So we laboured away to prove the tech, all the while also giving the bank the chance to say, “See, we are doing stuff, we are not dinosaurs, here’s a pilot.”
How many of those pilots saw the light of day outside the lab?
And not because they failed to prove their proof points but because the main bank never got started with theirs. Testing if the tech is real (in the hope that it wasn’t) did not happen alongside working out if it is relevant to this business and this strategy and the future we want.
It was done instead of all this.
And when the POC succeeded and the pilot succeeded and the tests succeeded, silence. Because the questions of “What shall we do with this now we know it’s real?” and “What does it have to do with our business and operating models?” are both infinitely harder and in no way helped by the proof points challenging the reality of a particular tech.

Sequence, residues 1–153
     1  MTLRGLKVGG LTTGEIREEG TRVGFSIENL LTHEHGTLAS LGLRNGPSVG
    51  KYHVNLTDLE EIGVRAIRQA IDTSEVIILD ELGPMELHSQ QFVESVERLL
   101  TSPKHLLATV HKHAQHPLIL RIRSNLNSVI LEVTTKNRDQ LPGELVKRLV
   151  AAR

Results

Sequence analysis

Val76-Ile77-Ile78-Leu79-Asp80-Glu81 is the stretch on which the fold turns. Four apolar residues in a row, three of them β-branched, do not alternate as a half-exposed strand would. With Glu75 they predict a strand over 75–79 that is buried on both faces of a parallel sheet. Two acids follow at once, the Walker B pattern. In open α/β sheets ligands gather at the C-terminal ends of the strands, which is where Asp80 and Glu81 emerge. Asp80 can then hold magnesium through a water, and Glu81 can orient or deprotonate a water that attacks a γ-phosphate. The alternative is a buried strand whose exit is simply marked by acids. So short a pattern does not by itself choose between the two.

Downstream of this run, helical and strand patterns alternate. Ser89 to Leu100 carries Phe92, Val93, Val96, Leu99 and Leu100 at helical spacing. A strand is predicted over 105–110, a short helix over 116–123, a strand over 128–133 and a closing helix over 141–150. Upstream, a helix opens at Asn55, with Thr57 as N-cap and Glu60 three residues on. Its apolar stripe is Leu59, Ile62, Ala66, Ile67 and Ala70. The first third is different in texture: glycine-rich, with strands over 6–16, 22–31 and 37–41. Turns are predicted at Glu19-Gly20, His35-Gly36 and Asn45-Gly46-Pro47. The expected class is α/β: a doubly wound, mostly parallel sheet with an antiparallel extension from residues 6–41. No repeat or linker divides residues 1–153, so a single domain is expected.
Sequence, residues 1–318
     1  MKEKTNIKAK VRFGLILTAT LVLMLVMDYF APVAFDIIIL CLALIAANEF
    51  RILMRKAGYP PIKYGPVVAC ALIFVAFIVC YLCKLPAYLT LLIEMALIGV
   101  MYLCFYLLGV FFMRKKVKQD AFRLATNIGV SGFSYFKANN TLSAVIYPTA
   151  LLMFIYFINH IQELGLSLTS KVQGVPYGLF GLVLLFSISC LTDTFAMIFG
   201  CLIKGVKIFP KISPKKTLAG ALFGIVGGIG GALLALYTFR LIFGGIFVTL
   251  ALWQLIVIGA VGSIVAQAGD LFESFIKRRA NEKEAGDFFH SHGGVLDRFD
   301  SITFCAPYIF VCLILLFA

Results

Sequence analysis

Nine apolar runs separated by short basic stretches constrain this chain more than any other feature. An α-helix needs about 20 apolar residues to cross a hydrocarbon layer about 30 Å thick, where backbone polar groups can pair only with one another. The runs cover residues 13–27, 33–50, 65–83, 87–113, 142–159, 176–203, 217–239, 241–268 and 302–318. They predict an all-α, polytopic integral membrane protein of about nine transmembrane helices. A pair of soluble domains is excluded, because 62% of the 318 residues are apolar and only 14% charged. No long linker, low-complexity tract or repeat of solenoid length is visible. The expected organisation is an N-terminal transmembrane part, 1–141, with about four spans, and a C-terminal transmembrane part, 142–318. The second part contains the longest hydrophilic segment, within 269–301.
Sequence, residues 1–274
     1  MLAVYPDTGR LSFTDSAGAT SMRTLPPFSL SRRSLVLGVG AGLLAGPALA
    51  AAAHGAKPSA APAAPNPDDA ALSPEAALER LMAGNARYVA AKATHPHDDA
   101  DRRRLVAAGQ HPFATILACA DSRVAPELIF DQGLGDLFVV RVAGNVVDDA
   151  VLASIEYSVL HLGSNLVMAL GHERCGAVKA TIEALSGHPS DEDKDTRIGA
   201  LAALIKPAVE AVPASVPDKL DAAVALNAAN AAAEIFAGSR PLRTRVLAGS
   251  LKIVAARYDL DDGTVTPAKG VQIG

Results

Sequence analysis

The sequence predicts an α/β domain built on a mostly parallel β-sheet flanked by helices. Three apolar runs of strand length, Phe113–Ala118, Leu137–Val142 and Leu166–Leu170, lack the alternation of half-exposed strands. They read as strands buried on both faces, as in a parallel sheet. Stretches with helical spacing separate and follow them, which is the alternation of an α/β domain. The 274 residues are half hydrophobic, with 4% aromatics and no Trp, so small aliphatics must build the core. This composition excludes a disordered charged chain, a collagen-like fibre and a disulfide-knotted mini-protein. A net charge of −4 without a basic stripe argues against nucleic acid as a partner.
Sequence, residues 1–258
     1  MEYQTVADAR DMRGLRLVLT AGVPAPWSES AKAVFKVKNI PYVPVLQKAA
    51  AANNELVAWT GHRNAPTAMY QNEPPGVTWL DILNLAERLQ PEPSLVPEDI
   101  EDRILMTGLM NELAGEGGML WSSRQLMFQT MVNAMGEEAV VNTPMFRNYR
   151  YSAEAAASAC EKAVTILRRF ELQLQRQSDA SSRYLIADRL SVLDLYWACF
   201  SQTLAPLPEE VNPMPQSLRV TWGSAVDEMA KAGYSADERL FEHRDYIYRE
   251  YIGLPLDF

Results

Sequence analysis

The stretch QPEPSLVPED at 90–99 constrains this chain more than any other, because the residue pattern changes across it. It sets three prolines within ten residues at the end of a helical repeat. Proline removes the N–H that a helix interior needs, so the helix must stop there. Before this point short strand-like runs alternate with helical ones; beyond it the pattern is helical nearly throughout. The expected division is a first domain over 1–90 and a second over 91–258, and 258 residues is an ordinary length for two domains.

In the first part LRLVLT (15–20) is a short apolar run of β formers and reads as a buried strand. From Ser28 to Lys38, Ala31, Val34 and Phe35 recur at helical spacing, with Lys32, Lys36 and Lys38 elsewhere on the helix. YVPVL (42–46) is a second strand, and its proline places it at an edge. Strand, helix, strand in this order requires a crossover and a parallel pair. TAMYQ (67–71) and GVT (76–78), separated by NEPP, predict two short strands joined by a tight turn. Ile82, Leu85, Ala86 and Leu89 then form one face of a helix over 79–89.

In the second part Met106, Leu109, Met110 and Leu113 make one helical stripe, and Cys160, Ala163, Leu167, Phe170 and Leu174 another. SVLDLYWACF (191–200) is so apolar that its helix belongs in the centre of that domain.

So here we are in the year of our lord 2022. Banks have, mostly grudgingly, faced into the relevance of quite a lot of tech. Mostly because the regulator demanded it and the economy was digitising faster than them and therefore the choice to do or die resolved itself. Banks want to stay in business.
So when push comes to shove, they do.
But until then, they prevaricate.
And before you tell me it’s getting better, don’t. Because I am depressed.
I gave a keynote on embedded finance a few weeks back.
My argument was threefold:
– Trends that had been maturing and gathering momentum over the past 10 years are now developed enough to make an API-first, coherent regulatory framework with consensus around messaging standards, security standards and so on a lived reality;